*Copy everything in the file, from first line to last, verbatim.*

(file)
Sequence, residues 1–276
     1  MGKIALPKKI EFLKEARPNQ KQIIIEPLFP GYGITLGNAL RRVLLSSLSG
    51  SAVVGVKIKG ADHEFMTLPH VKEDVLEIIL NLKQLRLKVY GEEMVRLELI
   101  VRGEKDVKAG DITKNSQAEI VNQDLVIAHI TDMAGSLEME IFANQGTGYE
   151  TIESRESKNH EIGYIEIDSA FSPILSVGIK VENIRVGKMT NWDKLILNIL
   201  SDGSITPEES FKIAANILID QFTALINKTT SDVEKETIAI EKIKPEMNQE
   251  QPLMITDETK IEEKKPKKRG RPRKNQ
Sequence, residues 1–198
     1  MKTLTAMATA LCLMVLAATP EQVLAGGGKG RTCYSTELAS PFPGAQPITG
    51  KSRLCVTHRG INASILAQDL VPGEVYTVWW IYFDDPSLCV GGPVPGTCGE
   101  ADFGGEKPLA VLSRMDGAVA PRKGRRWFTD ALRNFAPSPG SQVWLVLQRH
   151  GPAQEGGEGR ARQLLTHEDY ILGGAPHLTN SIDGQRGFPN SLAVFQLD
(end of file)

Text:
Sequence, residues 1–276
     1  MGKIALPKKI EFLKEARPNQ KQIIIEPLFP GYGITLGNAL RRVLLSSLSG
    51  SAVVGVKIKG ADHEFMTLPH VKEDVLEIIL NLKQLRLKVY GEEMVRLELI
   101  VRGEKDVKAG DITKNSQAEI VNQDLVIAHI TDMAGSLEME IFANQGTGYE
   151  TIESRESKNH EIGYIEIDSA FSPILSVGIK VENIRVGKMT NWDKLILNIL
   201  SDGSITPEES FKIAANILID QFTALINKTT SDVEKETIAI EKIKPEMNQE
   251  QPLMITDETK IEEKKPKKRG RPRKNQ
Sequence, residues 1–198
     1  MKTLTAMATA LCLMVLAATP EQVLAGGGKG RTCYSTELAS PFPGAQPITG
    51  KSRLCVTHRG INASILAQDL VPGEVYTVWW IYFDDPSLCV GGPVPGTCGE
   101  ADFGGEKPLA VLSRMDGAVA PRKGRRWFTD ALRNFAPSPG SQVWLVLQRH
   151  GPAQEGGEGR ARQLLTHEDY ILGGAPHLTN SIDGQRGFPN SLAVFQLD